ABSTRACT: Long--term intensive endurance training leads to increased left ventricular mass and increased left ventricular end--diastolic and left atrial end--systolic diameters. Different types of sports tend to give rise to distinct morphological forms of the athlete's heart. However, the sport--specific aspects have not been fully investigated in female athletes. The purpose of the present study was to investigate differences in left and right cardiac dimensions, cardiac volumes, and systolic and diastolic function in elite female handball players compared to sedentary controls. A cross--sectional study of 33 elite female handball players was compared to 33 matched sedentary controls. Mean age was 21.5 ± 2 years. The subjects underwent echocardiography examinations, both 2--dimensional (2DE) and 3--dimensional (3DE). Cardiac dimensions and volumes were quantified using M--mode, 2DE and 3DE. Systolic and diastolic left ventricular functions were also evaluated. All cardiac dimensions and volumes were adjusted for body surface area (BSA). Left atrium and left ventricle volumes were significantly (p<0.001) larger in elite female handball players compared with sedentary controls. Even right atrium area as well as right ventricular end--diastolic and end--systolic area were significantly (p<0.001) larger in elite female handball players. Significant differences were observed in three out of five systolic parameters. Most diastolic function parameters did not differ between the two groups. The findings from the present study suggest that similar cardiac remodeling takes place in elite female handball players as it does in athletes pursuing endurance or team game sports.
    The Journal of sports medicine and physical fitness 01/2015; 55(4). · 0.97 Impact Factor
  • Source
    [Show abstract] [Hide abstract]
    ABSTRACT: Background Intense physical activity (PA) improves muscle strength in children, but it remains uncertain whether moderately intense PA in a population-based cohort of children confers these benefits. Methods We included children aged 6–9 years in four schools where the intervention school increased the school curriculum of PA from 60 minutes/week to 40 minutes/school day while the control schools continued with 60 minutes/week for three years. We measured muscle strength, as isokinetic Peak Torque (PT) (Nm) of the knee flexors in the right leg at speeds of 60°/second and 180°/second, at baseline and at follow-up, in 47 girls and 76 boys in the intervention group and 46 girls and 54 boys in the control group and then calculated annual changes in muscle strength. Data are provided as means with 95% confidence intervals. Results Girls in the intervention group had 1.0 Nm (0.13, 1.9) and boys 1.9 Nm (0.9, 2.9) greater annual gain in knee flexor PT at 60°/second, than girls and boys in the control group. Boys in the intervention group also had 1.5 Nm (0.5, 2.5) greater annual gain in knee flexors PT at 180°/second than boys in the control group. Conclusion A 3-year moderately intense PA intervention program within the school curriculum enhances muscle strength in both girls and boys.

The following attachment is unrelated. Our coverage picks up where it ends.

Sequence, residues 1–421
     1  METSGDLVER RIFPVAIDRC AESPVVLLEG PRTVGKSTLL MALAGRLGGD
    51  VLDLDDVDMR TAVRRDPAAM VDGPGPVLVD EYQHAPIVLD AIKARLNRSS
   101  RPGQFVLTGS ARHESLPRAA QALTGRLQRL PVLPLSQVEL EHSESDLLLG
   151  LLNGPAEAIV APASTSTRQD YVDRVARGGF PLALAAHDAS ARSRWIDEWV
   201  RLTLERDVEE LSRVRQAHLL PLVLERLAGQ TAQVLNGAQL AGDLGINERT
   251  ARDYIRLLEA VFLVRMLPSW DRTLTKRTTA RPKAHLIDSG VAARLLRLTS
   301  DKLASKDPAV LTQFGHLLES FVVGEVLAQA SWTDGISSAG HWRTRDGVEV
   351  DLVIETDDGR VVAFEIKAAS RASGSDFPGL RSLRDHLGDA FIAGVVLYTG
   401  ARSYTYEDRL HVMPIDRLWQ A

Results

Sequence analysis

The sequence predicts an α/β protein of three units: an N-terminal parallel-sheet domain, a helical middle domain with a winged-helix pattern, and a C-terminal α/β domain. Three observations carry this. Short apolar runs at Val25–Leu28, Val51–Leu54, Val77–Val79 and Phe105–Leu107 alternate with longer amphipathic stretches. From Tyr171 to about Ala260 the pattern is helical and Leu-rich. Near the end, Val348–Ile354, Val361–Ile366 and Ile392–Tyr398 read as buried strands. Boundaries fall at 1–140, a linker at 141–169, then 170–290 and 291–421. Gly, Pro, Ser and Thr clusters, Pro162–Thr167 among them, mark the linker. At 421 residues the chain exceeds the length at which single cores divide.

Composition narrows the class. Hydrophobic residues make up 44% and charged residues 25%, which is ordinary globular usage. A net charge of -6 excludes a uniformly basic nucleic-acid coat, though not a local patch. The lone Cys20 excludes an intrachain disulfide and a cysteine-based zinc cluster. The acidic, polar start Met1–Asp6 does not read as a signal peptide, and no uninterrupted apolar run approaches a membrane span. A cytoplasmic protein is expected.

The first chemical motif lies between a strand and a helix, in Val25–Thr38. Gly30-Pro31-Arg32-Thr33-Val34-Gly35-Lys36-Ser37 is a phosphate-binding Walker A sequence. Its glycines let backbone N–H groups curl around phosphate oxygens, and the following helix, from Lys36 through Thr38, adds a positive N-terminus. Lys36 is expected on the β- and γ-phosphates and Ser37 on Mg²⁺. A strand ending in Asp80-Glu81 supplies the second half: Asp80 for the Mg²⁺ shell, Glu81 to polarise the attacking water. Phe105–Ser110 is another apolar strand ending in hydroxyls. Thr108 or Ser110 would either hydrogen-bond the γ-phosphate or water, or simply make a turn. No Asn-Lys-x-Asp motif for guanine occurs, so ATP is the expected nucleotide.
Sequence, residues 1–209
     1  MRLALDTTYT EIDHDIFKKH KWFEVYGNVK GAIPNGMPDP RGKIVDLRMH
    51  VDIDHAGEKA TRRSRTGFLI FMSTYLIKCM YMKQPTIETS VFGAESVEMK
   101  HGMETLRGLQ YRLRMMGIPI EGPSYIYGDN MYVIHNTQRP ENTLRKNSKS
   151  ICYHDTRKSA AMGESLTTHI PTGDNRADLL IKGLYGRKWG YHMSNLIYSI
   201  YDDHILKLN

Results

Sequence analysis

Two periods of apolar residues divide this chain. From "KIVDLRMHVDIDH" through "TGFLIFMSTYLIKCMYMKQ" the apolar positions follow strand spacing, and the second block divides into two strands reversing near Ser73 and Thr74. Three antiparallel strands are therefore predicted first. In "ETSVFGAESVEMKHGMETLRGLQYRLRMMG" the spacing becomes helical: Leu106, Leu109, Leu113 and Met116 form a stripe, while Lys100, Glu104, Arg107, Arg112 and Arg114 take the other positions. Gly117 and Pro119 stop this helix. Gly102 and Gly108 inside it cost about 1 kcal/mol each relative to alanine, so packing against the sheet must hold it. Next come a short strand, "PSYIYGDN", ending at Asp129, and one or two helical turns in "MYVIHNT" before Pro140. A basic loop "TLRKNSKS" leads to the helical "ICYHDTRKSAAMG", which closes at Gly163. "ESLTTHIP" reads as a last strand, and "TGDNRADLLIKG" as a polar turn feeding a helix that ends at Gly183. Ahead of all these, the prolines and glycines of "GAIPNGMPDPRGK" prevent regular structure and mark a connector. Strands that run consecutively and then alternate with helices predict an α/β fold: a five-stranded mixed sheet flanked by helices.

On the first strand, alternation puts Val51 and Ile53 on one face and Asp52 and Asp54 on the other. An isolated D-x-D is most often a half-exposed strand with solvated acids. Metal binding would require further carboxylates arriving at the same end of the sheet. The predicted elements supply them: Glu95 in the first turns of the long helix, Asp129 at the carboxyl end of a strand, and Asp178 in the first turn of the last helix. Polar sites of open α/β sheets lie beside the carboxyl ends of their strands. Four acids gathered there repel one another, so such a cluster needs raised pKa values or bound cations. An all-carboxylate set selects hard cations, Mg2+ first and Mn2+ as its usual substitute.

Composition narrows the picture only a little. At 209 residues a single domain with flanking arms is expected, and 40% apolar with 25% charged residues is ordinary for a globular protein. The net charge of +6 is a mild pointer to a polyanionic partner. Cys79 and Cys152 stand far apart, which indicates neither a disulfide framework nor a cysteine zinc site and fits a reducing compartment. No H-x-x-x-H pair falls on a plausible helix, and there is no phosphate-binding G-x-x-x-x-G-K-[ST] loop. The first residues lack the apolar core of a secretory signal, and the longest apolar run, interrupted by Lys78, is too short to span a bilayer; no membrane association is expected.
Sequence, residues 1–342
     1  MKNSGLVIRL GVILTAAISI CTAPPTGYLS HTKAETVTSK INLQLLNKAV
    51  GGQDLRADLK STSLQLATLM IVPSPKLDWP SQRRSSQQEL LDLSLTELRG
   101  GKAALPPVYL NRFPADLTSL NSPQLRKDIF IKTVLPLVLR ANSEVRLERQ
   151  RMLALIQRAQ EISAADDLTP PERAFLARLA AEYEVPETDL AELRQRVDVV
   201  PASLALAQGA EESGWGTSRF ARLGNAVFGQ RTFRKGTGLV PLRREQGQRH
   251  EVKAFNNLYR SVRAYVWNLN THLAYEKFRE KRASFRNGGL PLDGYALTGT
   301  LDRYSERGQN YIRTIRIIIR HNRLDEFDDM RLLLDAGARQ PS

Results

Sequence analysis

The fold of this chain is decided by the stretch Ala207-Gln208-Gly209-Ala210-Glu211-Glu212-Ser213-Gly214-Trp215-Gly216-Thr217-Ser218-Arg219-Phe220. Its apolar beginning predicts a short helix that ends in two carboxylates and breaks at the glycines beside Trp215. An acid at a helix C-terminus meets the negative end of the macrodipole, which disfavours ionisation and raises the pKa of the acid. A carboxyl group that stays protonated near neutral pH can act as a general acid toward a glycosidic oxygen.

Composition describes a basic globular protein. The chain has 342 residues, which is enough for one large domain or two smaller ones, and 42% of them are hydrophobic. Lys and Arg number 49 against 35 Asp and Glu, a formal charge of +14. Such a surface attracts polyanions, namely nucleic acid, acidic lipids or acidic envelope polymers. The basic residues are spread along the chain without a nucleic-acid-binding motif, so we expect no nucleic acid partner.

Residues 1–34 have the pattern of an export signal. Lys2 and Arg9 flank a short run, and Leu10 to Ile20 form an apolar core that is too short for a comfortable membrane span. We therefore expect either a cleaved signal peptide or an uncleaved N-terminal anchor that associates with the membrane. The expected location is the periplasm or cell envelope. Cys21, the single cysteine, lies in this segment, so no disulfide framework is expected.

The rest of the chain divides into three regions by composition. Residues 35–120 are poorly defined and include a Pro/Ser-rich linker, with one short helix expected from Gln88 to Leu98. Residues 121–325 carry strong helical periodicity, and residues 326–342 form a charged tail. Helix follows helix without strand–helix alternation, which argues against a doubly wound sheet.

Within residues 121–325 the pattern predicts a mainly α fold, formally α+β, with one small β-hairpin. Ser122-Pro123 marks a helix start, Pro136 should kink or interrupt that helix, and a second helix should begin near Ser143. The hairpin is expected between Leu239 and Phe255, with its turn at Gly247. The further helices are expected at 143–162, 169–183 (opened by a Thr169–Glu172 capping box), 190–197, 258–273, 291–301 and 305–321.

BMC Musculoskeletal Disorders 10/2014; 15(1):353. DOI:10.1186/1471-2474-15-353 · 1.72 Impact Factor
  • M. Dencker · O. Thorsson · MK Karlsson · P. Wollmer · LB Andersen ·
    [Show abstract] [Hide abstract]
    ABSTRACT: Background and aims Obesity is associated with increased risk of cardiovascular disease (CVD) in adults. We assessed if body fat and abdominal fat are related to clustering of risk factors for CVD in younger children. Methods Cross-sectional study of 170 (92 boys and 78 girls) children aged 8–11 years, recruited from a population-based cohort. Total fat mass (TBF) and abdominal fat (AFM) were measured by DXA. Total body fat was expressed as TBFs percentage of total body mass (BF%). Maximal oxygen uptake (VO2PEAK)was measured by indirect calorimetry. Blood was sampled and blood pressure (BP), and resting heart rate (HR) were measured and pulse pressure (PP) was calculated. Echocardiography was performed and left atrial diameter (LA) was measured, and left ventricular mass (LVM) and relative wall thickness (RWT) were calculated. Z-scores (Value for the individual-mean value for group)/SD) were calculated. Sum of z-scores for triglycerides and lipoprotein concentrations, systolic and diastolic BP, PP, HR, LVM, LA, RWT and -VO2PEAK were calculated in boys and girls, separately, and used as an indices of clustered risk. Results Pearson correlations between ln BF% and ln AFM versus indices of clustered risk were in boys (r = 0.58 and 0.59, p < 0.05), and in girls (r = 0.58 and 0.64, p < 0.05). One-way ANOVA analysis indicated significant differences between different tertiles of BF% and AFM. Higher BF% and AFM were associated with higher clustered risk for CVD in both genders (p < 0.001). Conclusions Both total body fat and abdominal fat were associated with a clustering of CVD risk factors.
    Archives of Disease in Childhood 10/2014; 99(Suppl 2):A94-A95. DOI:10.1136/archdischild-2014-307384.252 · 2.90 Impact Factor
  • Source
    [Show abstract] [Hide abstract]